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Students 'will not be very happy' with school cellphone restrictions: Burnaby student leader

The Burnaby school district has until July 1 to finalize additions to its code of conduct to restrict the use of cellphones and other personal digital devices at local schools.

"A lot of students will not be very happy."

That was Burnaby North Secondary student Angela Cheng's feedback on a proposed change to the Burnaby school district's code of conduct that will restrict the use of cellphones and other personal digital devices at local schools.

Cheng, co-chair of the district student advisory council, is the student representative on the Burnaby school district's committee of the whole.

On Monday, the committee discussed a draft amendment to the district's code of conduct that would bring it in line with a new provincial order around electronic devices at schools coming into effect on July 1.

Provincial order

The province announced in January it was taking steps to keep children and youth safe from online threats, including restricting cellphone use in schools.

Proposed additions to the Burnaby school district's code of conduct state "all members of the school community" would be expected to comply with "appropriate use" of cellphones and other personal digital devices.

Appropriate use would include not using the devices during instructional time unless the teacher gives permission for "educational, learning accessibility, and/or medical purposes."

That restriction would apply even to the end of classes when students are done their work, according to deputy superintendent Roberto Bombelli.

During the school day, personal digital devices would have to be "safely stored, on silent mode, and out of sight, except when allowed by the school or classroom teacher," according to the proposed change.

Bombelli said the changes wouldn't be "a large shift" for local schools that already have policies in place for restricting cellphone use.

The "biggest shift" will come at schools that don't currently have established rules, according to Bombelli.

"This happens, from what we’ve seen in canvassing our schools, more in secondary than in elementary," he said.

Will cellphone restrictions apply to teachers?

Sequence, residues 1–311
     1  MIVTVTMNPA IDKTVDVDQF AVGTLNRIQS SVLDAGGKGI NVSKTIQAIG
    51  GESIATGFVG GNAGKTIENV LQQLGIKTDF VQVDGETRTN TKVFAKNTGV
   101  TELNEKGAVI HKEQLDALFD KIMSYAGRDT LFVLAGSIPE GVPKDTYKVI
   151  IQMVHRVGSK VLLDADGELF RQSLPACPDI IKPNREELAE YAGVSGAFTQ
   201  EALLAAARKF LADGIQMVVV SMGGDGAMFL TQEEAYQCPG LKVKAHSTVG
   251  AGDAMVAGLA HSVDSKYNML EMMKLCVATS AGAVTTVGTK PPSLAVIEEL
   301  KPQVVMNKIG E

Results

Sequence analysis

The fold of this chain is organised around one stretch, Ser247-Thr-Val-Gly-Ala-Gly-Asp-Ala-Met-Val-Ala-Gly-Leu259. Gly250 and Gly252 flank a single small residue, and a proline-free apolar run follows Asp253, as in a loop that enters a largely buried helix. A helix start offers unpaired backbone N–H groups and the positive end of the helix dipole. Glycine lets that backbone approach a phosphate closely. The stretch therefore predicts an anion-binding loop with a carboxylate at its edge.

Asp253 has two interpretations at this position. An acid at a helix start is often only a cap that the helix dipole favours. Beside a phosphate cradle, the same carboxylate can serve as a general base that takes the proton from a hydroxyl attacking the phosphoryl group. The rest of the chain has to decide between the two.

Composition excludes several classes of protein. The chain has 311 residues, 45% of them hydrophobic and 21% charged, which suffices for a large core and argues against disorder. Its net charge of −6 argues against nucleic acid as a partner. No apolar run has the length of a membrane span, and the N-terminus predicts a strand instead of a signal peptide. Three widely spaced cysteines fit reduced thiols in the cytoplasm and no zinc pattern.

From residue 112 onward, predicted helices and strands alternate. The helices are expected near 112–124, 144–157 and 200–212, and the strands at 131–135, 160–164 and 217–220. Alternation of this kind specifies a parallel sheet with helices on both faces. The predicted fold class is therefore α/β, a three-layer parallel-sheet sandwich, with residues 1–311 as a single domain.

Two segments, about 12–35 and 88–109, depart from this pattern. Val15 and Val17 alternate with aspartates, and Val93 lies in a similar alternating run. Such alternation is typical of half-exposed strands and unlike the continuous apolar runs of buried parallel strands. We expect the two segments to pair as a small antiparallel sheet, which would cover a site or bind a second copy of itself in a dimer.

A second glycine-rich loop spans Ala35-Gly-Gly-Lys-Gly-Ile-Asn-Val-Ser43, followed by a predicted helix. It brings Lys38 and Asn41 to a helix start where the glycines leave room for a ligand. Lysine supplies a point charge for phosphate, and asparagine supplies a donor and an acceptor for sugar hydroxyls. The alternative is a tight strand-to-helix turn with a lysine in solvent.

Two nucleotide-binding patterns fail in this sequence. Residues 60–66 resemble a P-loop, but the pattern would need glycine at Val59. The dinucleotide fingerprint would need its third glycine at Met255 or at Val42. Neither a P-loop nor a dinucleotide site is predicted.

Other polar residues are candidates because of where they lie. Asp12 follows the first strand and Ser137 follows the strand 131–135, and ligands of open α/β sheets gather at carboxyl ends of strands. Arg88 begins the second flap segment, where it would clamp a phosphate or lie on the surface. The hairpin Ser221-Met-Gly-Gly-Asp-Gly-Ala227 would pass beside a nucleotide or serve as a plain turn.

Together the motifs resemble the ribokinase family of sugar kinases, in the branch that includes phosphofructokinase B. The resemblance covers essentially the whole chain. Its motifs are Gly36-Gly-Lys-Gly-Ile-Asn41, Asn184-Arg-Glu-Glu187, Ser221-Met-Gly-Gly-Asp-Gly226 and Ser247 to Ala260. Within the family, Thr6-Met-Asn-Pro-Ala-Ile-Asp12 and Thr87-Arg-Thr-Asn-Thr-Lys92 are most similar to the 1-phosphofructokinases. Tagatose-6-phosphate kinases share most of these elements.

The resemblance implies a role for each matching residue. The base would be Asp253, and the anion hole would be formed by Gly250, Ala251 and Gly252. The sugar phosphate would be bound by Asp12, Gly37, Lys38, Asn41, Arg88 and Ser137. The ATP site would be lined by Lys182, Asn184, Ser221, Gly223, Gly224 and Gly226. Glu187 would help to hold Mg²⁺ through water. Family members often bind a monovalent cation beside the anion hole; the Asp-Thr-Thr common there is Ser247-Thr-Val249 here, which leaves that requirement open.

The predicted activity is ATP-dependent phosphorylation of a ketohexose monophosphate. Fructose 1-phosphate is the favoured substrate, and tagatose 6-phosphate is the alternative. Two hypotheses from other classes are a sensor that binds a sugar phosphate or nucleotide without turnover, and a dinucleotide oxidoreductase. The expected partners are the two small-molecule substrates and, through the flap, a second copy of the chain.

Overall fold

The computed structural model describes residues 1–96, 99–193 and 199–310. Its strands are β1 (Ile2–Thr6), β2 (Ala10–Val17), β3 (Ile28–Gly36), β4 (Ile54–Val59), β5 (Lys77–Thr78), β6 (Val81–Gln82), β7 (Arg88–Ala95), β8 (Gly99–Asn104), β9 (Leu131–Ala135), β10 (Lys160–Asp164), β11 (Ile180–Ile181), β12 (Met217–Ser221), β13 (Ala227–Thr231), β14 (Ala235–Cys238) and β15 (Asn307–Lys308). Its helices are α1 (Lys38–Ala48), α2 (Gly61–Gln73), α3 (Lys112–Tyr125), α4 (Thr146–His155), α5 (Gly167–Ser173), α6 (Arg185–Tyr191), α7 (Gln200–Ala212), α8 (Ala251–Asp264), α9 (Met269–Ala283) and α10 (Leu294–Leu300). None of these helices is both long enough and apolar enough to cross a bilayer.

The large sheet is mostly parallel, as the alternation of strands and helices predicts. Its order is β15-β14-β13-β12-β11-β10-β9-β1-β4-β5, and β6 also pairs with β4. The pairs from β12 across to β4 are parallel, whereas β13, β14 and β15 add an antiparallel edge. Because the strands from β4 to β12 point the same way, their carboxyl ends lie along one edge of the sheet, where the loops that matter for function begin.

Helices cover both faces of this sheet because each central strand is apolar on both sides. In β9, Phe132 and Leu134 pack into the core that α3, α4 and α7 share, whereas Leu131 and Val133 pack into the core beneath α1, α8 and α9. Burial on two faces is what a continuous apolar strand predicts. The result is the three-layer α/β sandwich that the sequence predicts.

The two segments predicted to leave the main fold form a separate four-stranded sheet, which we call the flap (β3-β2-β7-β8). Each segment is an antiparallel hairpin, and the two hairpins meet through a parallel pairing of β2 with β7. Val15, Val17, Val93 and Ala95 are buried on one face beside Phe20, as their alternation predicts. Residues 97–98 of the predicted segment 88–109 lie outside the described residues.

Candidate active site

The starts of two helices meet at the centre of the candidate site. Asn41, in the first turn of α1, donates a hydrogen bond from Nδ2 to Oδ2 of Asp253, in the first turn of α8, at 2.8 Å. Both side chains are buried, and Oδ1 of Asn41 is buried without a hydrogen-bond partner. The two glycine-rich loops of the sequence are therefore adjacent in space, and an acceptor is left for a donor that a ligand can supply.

The draft changes drew questions and comments from committee members, including Cheng.

She said restricting cellphone use was a "really good idea" because she and fellow students are "always checking their phones."

"It's really hard to concentrate nowadays," she said. "It's important to sort of detach from these devices that we've growth so used to using."

But students won't be happy about the restrictions, Cheng said, and will look for loopholes, like accessing social media in class on their laptops.

Trustee Kristin Schnider asked if the restriction would apply to flex time at high schools and to wearable tech, like Apple Watches.

Trustee Jen Mezei wanted to know if the restrictions would apply to listening to music on cellphones.

Bombelli said yes to all three, but noted the proposed wording would give schools and classroom teachers the authority to allow certain uses.

Although the district's code of conduct has historically applied to "all members of the school community," Bombelli didn't have a firm answer on whether the new cellphone restrictions would apply to teachers and other school staff.

"That's something we'd have to think about," he said.

(After the meeting, Bombelli clarified to the NOW the restrictions will not apply to teachers, and whatever wording is added to the code of conduct will have to make that clear.)

As for how the restrictions will be enforced, Bombelli told the committee it will be like any other part of the code.

"It's part of the culture of the school; it's part of expectations in a classroom, teachers working with kids. And there are ways of escalating when a child is refusing," Bombelli said.  

'Help on the school front'

Burnaby district parent advisory council (DPAC) chair Harinder Parmar said a majority of parents she has heard from are concerned about their children's screen time and cellphone use and would support "help on the school front."

Bombelli said the proposed changes would also support schools and teachers who are already trying to set limits on cellphone use at schools.

"Now they can say, 'Actually, it's not just me; this is the code of conduct for our entire district,'" he said.

The changes to the code of conduct have to be finalized by July 1, but superintendent Karim Hachlaf told the committee the school district plans to provide parents with information before the end of the school year about cellphone restrictions coming into effect in September.

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